Rating: 5 of 5 
(27.Apr.2015)
It Feels Great to Iterate
There once was a dev from Seattle Whose array was so long he would prattle. He said with a grin, As he iterated again, "Is my array traversable? I must tattle!" Normally, iterators are a yawn and a half. Jeremy does a great job of reminding one that iterators are simple yet powerful tools to keeping our code's performance healthy. That he can come up with a lengthy poem that is entertaining and clean is a bonus to attending his talk. Well done!
Rating: 5 of 5 
(27.Apr.2015)
Object-Oriented JavaScript (yes, it really exists)
I have only been dealing with OO Javascript (ExtJS) for the past year without understanding how it was OOP nor why we did things the way we did. I just followed the example provided by my team while I was trying to figure out the whys and the wherefores. This talk helped me understand more about what I was doing in JavaScript than the various books I've read in the attempt to do so.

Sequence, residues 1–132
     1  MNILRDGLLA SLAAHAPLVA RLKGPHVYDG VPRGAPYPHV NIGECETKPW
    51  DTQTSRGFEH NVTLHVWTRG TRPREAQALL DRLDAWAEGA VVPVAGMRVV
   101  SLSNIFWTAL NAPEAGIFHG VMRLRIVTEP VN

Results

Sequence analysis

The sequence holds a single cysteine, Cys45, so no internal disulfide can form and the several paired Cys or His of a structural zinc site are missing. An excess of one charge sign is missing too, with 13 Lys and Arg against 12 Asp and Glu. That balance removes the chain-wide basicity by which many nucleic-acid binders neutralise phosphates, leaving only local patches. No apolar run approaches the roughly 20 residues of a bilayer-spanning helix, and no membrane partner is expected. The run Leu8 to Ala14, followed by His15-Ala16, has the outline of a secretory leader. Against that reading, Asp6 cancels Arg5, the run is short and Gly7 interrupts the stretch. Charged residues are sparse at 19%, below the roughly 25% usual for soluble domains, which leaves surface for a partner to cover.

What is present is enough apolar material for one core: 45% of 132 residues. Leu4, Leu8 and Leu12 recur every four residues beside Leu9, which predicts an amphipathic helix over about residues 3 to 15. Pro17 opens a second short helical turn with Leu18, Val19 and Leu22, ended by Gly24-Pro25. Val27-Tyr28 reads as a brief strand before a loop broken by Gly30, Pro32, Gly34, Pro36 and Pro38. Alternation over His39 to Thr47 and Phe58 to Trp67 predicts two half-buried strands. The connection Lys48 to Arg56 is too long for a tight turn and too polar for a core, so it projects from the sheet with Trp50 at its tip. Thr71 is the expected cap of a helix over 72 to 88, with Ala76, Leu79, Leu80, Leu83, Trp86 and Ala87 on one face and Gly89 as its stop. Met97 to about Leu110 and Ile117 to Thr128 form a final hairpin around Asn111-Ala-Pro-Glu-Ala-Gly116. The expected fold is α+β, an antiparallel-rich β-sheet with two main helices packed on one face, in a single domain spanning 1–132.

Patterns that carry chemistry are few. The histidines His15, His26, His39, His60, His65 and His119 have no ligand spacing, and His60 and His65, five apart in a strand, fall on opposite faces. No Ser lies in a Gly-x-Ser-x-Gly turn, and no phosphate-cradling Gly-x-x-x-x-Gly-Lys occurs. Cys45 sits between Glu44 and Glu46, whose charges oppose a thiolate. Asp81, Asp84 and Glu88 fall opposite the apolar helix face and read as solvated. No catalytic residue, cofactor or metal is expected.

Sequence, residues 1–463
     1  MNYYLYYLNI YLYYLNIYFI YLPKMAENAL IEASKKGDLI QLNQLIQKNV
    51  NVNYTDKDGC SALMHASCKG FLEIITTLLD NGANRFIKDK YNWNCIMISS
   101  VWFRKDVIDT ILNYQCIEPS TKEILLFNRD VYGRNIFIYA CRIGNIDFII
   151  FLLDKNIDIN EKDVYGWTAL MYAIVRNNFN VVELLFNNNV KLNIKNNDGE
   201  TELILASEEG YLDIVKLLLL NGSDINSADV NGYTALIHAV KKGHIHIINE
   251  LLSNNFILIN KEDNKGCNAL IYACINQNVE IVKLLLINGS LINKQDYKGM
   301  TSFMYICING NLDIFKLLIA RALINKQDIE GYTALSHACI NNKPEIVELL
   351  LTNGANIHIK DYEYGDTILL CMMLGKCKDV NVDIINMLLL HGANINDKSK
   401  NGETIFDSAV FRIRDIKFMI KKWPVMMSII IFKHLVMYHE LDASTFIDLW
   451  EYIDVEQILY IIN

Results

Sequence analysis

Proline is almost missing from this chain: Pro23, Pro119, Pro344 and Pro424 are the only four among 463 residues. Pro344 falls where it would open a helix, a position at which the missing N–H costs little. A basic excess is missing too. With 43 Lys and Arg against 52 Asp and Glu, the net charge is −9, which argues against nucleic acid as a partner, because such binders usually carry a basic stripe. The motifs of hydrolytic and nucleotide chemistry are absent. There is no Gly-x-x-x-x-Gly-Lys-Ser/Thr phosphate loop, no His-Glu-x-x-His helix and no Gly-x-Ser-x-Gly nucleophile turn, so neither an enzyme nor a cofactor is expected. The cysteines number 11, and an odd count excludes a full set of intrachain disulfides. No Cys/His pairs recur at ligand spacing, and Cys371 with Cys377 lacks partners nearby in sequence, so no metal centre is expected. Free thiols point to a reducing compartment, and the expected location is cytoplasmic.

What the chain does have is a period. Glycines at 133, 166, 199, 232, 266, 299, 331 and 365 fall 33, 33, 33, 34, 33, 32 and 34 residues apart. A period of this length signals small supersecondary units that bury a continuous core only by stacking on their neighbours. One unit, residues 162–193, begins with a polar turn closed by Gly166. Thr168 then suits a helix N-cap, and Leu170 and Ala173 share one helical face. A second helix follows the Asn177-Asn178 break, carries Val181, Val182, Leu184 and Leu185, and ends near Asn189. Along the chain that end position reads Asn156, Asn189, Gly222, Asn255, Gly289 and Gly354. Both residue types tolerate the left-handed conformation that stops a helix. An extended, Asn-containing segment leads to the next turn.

Rating: 5 of 5 
(27.Apr.2015)
Talmudic Maxims to Maximize Your Growth as a Developer
This is a talk I have been looking forward to ever since I first heard of it months ago. R. Willroth does not disappoint. By far, this is my favorite talk of the conference. Yitzchok provides an intellectual conversation on how we, as developers, can improve ourselves and our community in small, yet profound ways. I took copious, yet not enough, notes on the various things said in this talk. Among the most pertinent topics were those on community, since community is what keeps me in PHP. I look forward to seeing this talk again!
Rating: 5 of 5 
(27.Apr.2015)
Dependency Injection, Dependency Inversion, and You
This is a talk whose notes I took and slides were shared I shall review again. Already, I was able to take concepts learned in this talk and apply them knowingly to work. Thank you, Jeff!